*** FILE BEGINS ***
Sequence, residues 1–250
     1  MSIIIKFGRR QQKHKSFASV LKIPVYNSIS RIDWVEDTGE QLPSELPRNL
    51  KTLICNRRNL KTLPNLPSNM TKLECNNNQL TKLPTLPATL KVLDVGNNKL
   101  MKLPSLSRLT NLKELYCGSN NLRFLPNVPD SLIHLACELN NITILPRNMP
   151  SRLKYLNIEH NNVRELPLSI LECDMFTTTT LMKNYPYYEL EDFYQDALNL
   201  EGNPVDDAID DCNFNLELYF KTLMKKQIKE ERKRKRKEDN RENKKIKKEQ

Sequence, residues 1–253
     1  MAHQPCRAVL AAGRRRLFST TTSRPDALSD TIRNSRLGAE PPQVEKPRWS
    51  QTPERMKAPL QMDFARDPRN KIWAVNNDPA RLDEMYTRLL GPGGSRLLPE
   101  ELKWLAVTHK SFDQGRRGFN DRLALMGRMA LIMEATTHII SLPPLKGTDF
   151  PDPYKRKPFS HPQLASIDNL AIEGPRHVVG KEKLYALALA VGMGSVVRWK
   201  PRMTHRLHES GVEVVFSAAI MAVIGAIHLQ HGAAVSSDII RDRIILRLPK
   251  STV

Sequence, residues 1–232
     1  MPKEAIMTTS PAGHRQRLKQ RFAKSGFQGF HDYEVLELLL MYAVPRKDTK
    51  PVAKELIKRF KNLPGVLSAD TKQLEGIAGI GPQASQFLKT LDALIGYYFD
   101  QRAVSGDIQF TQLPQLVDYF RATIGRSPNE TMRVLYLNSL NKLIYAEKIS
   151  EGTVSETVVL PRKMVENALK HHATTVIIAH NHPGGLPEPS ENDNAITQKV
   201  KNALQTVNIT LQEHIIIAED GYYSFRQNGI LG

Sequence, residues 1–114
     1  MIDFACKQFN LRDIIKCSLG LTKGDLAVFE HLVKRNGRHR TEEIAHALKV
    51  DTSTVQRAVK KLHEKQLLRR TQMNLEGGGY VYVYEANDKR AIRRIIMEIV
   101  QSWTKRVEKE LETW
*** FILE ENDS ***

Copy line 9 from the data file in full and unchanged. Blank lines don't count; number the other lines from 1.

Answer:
    51  QTPERMKAPL QMDFARDPRN KIWAVNNDPA RLDEMYTRLL GPGGSRLLPE